Former No.2 overall pick in the 2011 NBA Draft in Derrick Williams has not even been a member of the defending NBA champion Cleveland Cavaliers, yet he may possibly be a long-term solution.
Williams, who was signed on a 10-day contract by the Cavaliers before their 118-109 loss to the Oklahoma City Thunder on February 9th, scored 12 points in 22 minutes while going a perfect three-of-three from the field.
The 6’8 235-pound swingman from Arizona followed up a solid debut with another strong effort in scoring seven points in 21 minutes of action during the Cavs 125-109 win over the visiting Denver Nuggets.
In two games with the Wine and Gold, Williams has averaged near double figures with 9.9 a game, which combined with his open-court athleticism, imposing physicality and ability to attack the rim could prove to be a boon and a sneaky good pick-up for the champions are are in desperate need of big athletic bodies who can defend, score and counter the likes of Golden State and their length and up-tempo style of play.
Minnesota. Sacramento. New York. Miami. Cleveland. Barely into his athletic prime and now on his fifth NBA team in six seasons, while many may question why a high top-five draft pick has failed to stick for any length of time, one needs to look at the teams and organizations he was in to get the answer to that question.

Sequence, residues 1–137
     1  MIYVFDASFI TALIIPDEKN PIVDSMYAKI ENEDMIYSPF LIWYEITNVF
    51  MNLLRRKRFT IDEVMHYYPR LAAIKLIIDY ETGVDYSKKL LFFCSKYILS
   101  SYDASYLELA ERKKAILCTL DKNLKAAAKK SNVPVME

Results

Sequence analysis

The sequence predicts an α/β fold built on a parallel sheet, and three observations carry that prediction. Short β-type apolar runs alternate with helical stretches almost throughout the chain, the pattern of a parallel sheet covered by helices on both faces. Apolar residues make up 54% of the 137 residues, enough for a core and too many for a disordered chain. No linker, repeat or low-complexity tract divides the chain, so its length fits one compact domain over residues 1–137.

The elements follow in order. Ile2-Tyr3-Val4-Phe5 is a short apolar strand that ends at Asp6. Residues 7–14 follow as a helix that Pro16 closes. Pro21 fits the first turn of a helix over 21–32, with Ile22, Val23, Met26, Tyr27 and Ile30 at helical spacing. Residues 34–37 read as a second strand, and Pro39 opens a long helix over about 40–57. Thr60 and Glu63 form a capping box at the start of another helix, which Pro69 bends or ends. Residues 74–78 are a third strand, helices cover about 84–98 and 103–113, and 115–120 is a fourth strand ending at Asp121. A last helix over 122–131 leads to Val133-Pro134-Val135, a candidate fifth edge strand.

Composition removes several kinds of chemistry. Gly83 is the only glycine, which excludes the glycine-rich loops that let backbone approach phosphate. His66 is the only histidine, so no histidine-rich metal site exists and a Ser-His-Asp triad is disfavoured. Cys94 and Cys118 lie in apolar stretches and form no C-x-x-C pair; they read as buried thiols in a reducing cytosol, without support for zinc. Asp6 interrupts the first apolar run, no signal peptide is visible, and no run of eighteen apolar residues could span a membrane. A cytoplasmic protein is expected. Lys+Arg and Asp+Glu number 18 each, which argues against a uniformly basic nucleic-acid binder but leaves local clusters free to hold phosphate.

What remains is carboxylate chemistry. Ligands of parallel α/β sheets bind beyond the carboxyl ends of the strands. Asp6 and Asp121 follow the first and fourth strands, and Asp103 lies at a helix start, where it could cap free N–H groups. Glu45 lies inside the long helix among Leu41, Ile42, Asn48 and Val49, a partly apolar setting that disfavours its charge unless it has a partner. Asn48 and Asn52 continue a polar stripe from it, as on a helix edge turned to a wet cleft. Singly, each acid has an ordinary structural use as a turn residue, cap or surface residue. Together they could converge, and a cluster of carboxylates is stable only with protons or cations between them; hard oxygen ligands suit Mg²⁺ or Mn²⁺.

Clearly, none of them have the winning championship-type kind of organization, or the type of locker room leadership to help bring out the most in him and his own talent.
In what was a ringing endorsement from the Cavs de facto general manager in LeBron James to ESPN’s Dave McMenamin, James stated,
“We hope that this is a long-term thing, Obviously, we know that he’s on a 10-day contract, but we believe it’s going to be long-term”
James would go on to praise Williams and what he brings in terms of size and ability,
“ We’re lucky to have him, It’s not many places you’re going to find a 6-(foot)-8 wing with athleticism like that at 25. So, we’re lucky to have him.”
After pleading publicly for the Cavs front office to land a playmaker guard, Williams—while not a true point guard, per se—may very well be exactly what the Cavs need in terms of providing much-needed scoring punch to a second unit when James, Kyrie Irving and Kevin Love sit.
Envision a second unit composed of Williams, Kyle Korver, Channing Frye, Iman Shumpert and Kay Felder. Imagine a unit composed of LBJ, Irving, Love, Williams and Thompson.
And all of this without J.R. Smith.
So imagine Williams in a possible lineup with Smith and Irving running the point with James at the four and Love at the five?
Whether or not Cleveland decides to add a guard in addition to Williams as first reported during their recent workouts that had the likes of Jordan Farmar, Kirk Heinrich, Lance Stephenson and linked to notable veterans such as Rajon Rondo and Deron Williams, the addition of Derrick Williams has the potential and real chance of actually sticking around.